Link: http://www.foodnetwork.com/food/recip...

        1. When I make them I put the grated potatos,grated in the food processor into a bowl of water, then when I am ready to mix, I put them into a potato ricer to squeeze them dry. I think I saw Emeril do that once, and it works very well.

          1. Here's my recipe for latkes. I've been in charge of making them buy the boatload for various community functions, so believe me I've made a few. This version makes a crispy, shreddy-looking latke that is held together by the barest minimum of egg and flour. It's our favourite - but then, this is another one of those areas where no one agrees. So anyway. As for quantities, I honestly can't remember how much this recipe makes. I believe this amount would feed my family of 4, so you'll have to maybe quadruple it. Go easy on the eggs, though. If you're quadrupling, just add, maybe, 6 eggs. More, only if you really think you need them.

            Happy Chanukah!

            Perfect Latkes
            6 medium potatoes
            1/2 onion
            2 eggs, beaten
            2 tbsp. flour
            1/2 tsp. salt

            Peel and grate the potatoes using the coarse side of a hand grater or, if you have one, the shredder attachment on the food processor. Dump the shredded potatoes into a large bowl filled with cold water. When all the potatoes are shredded, drain them in a colander, run more cold water over them and, by hand, squeeze as much of the liquid out of the shredded potatoes as possible. Transfer to a large bowl. The reason for all this rinsing etc. is to remove the excess surface starch and whatever else it is that causes the potatoes to turn black.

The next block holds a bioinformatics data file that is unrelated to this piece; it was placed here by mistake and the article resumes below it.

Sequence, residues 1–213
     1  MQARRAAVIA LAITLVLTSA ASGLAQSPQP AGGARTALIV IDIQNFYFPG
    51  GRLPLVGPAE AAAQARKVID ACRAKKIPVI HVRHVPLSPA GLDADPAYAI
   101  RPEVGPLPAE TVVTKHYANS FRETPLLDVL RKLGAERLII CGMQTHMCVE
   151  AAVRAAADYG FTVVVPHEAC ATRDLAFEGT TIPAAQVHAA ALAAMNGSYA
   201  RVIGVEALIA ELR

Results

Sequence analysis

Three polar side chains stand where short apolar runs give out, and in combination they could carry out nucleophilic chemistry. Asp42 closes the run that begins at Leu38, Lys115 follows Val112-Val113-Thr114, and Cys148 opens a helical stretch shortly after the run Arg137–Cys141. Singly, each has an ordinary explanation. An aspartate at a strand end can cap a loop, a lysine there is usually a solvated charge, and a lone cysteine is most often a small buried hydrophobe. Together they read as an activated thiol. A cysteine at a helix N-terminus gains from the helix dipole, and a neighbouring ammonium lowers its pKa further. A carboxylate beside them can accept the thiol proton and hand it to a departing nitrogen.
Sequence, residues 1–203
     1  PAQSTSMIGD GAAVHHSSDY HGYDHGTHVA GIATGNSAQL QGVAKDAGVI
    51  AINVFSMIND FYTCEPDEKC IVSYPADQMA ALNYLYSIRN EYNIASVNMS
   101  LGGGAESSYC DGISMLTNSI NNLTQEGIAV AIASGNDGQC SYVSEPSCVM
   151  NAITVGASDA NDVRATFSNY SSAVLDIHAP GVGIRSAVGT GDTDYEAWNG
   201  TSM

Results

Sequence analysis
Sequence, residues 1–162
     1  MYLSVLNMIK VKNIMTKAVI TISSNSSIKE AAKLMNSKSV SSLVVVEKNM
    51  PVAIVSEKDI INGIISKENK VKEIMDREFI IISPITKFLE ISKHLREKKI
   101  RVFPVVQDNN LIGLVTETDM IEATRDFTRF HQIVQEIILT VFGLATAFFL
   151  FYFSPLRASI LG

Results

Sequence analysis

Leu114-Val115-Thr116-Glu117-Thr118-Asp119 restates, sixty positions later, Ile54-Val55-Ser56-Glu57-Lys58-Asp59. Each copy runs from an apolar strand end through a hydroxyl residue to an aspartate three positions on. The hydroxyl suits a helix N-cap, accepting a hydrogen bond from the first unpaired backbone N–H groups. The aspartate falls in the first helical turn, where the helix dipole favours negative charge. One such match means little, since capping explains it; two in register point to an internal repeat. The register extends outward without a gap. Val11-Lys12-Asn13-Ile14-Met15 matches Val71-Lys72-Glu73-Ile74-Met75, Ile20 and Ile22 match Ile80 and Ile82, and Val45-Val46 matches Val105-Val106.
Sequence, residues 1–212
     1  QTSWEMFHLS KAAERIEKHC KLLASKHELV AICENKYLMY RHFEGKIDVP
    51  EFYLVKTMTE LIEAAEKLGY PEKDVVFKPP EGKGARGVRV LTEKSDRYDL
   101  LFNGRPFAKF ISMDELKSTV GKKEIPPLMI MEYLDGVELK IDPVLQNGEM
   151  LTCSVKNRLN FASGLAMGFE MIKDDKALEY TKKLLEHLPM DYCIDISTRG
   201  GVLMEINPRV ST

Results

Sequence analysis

Grate the onion and add it to the potatoes. Add the eggs, flour, and salt, and stir the mixture until it is well combined. If it seems very dry, you can add another egg. But don’t be so quick to do this because as the mixture sits it will become more watery.

            Heat about 1/4-inch of oil in a skillet. (Don’t be skimpy with the oil – a good latke needs to be cooked in plenty of it.) When the oil is hot, add the potato mixture by large spoonfuls. Flatten them gently into a roundish pancake shape. Cook until lightly browned on the bottom, then flip and cook the other side. When crisp and brown on both sides, remove from the pan and let drain on paper towels for a couple of minutes before serving.

            If you’re doing this ahead of time, make all the latkes and arrange them – and here’s the trick – vertically in a foil (or other) roasting pan. They should be standing up on their edges like books on a bookshelf. Pack them into the pan until the pan is full – but don’t allow them to compress. This makes for a heavy latke. The standing-up-latke trick is one that I use whenever I’m making a quantity of latkes to reheat. Layering them in the usual way causes them to become soggy. Cover tightly with foil and refrigerate. When you’re ready to sever, reheat at 350 degrees for about 30 minutes – or until hot.

            Serve latkes hot with applesauce or sour cream.

            1. Here's how I was taught to do it...

              I grate the potatoes finely and then let them sit in a bowl of water until I'm ready to use them.

              I take the potatoes out of the water, leaving the water behind (i.e. don't pour the water out). I press as much water out as I can and then put small batches into a dry dishtowel and twist it, wringing the water out. This gets the potatoes very dry, which is critical if you like your latkes crispy and light.